This week of pregnancy was consumed by the answer to the question in the title of this post.
I did my absolute best to prepare for labor with the Pious One. In fact, I spent so much time learning about how to have a healthy pregnancy, labor, and delivery that I sort of failed to prepare for having a baby. As in, I didn't realize that I didn't know how to change a diaper until after we had selected "rooming in" for our new baby, all the nurses left the room, and my husband was passed out on the couch at 1:00 in the morning. Oops.
Whatever. The point is that I felt good about my preparation, but in hindsight, nothing really could have prepared me for the intensity of labor. It was frightening, painful, and I screamed the primal scream of an Amazon woman when I felt the ring of fire, and then it was over. There were many new and unusual sensations, most of which have only been repeated during subsequent pregnancy and labor. Nothing prepared me for it like doing it. I tried to memorize what it felt like to have a contraction, and still forgot after 3 weeks.
With Braveheart, I kind of remembered what I was up against. After all, it had only been a little over a year. Then, at 34ish weeks, it hit me: I have to do THAT. Again. As in, there is a very large infant inside me. right. now. And there is no pain-free way for that infant to come out. Gulp. In the end, Braveheart's labor felt hard, more like running a marathon, than scary, like someone wringing a baby out of my uterus like water out of a towel, so it was an improvement of sorts. But still, it was a physically demanding experience, and fraught with "I can't do this"'s and "Can I really handle this?"'s.
It's funny that it only occurred to me to face that reality late in the third trimester, but a lot of women I've talked to experience a similar, late-pregnancy epiphany. I guess late in the pregnancy, you can begin to visualize the dimensions of the growing baby inside you. Or say one day the baby is breech and you feel how large the baby's head is. Or you can imagine the child's outstretched leg as it tests the dimensions of the inside of your uterus. Or you see someone else's newborn baby, and you realize that one of those is inside of you, and only getting bigger as the days go by. Or you begin to take seriously those fruit comparisons the books are always making (pushing out a pineapple?!). Or you just remember what it was like last time.
So this week, I wrestled once again with the knowledge that I have to do THAT. Again. There is a large-ish infant inside me right. now. And there is no pain-free way for that infant to come out.
Before I had children, I guess I kept thinking that the more I did this, the easier it would get. But then again, no woman I've talked to with more than 3 children has ever said that it would. "Does it get less frightening?" From the woman with 8 children, smiling politely and shyly but not really wanting to scare the classroom full of doulas-to-be, "Not really." "Does it get easier?" From Simcha Fisher, the blogging mother of 9, "No, and in fact, in some ways, it gets harder." Daaaaang.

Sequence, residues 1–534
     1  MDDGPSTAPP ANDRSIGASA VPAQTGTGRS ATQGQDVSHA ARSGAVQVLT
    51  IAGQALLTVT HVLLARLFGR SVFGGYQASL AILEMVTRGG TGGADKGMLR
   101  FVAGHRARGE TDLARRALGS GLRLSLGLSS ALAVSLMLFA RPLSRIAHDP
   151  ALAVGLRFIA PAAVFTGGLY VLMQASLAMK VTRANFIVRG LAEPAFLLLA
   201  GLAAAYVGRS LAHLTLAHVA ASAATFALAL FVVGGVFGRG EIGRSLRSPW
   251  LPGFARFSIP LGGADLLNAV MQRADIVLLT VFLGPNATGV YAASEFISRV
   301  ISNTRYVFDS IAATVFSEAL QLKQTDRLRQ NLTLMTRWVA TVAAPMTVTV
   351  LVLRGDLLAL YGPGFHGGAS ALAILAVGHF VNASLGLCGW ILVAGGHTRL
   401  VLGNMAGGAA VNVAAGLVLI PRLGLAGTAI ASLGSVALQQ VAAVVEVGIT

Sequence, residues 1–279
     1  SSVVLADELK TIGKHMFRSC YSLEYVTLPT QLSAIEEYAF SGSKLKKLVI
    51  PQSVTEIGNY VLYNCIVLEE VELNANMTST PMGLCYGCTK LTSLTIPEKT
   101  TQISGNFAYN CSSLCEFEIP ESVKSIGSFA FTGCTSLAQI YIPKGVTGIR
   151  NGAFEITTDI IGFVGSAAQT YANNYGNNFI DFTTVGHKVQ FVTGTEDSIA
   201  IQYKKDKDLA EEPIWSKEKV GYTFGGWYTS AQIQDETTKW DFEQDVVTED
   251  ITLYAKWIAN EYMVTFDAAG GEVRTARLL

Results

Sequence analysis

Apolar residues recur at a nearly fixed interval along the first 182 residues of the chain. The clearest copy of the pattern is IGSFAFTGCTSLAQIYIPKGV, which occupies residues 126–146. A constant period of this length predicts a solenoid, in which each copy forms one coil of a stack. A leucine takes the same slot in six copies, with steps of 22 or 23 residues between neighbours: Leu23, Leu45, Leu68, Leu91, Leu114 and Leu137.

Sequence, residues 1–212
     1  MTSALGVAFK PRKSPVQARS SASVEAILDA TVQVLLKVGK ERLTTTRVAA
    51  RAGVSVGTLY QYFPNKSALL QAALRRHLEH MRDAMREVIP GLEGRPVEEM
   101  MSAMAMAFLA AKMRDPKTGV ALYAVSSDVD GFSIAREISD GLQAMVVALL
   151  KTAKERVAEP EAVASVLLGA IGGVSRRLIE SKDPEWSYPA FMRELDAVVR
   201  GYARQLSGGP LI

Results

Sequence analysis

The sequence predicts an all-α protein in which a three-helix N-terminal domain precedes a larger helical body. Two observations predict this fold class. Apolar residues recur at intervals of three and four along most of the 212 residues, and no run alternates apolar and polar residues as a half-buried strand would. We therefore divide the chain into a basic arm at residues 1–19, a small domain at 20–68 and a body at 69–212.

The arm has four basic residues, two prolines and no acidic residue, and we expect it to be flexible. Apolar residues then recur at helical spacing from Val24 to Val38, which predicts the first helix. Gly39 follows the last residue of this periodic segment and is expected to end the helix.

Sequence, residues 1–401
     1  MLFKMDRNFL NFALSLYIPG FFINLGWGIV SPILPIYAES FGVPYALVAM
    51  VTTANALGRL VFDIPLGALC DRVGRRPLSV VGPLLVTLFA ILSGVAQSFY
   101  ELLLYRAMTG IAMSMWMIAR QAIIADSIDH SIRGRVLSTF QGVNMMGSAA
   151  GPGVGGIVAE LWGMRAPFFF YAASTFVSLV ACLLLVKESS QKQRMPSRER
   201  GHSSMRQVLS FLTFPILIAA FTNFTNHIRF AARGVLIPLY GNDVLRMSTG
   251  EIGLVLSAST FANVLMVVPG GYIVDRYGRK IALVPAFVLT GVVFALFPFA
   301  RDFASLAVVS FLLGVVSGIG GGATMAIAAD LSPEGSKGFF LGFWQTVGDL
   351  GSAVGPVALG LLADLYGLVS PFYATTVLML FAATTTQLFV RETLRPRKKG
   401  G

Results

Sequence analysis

After pondering it this week, I think what it boils down to is this, for first-time mothers and women who have given birth more than a dozen times: doesn't it make you fear for your bodily integrity?
There are only two ways for a full-term infant to come out. In one, a very small hole has to stretch to dimensions it has hitherto not seen, or at least only seen a few brief times in its life. In the other, someone slices a hole in your abdomen and pulls the baby out. It's as simple as that. The potential for damage to one's bodily integrity is high, and reasonably gives one cause for apprehension!
I think this may be one reason why I and a lot of other women feel very strongly about avoiding a c-section unless it is truly necessary. Plain and simple, while a vaginal birth carries the possibility of an intact body (absent the all-too-common perineal tearing, that is), it is absolutely impossible for your bodily integrity to be maintained perfectly when you have a c-section. Surgery is sometimes necessary to preserve one's life or the life of one's baby, but it always sacrifices some bodily integrity for the sake of the greater whole. A c-section is a tolerable but undesirable sacrifice. Thanks a lot, Eve...
So when you hear someone say it doesn't matter because, "at the end you have a healthy baby," you can just tell them, "but what about my bodily integrity?" Then, of course, you should be prepared for an extended philosophical discussion related to risk, human nature, and the principle of double effect. Ha.
A vaginal birth, however, carries with it the possibility of maintaining such integrity perfectly. Not that it happens often, but there's at least hope. I think women know this hope, deep down, and cling to it, even when they can't explain why.
In the meantime, I am fearing plenty for my bodily integrity, even though I believe I will probably have a vaginal birth this time, too. Pain is not equal to damage to bodily integrity, but it sure feels like it sometimes. I guess there's just no easy way to get a baby out!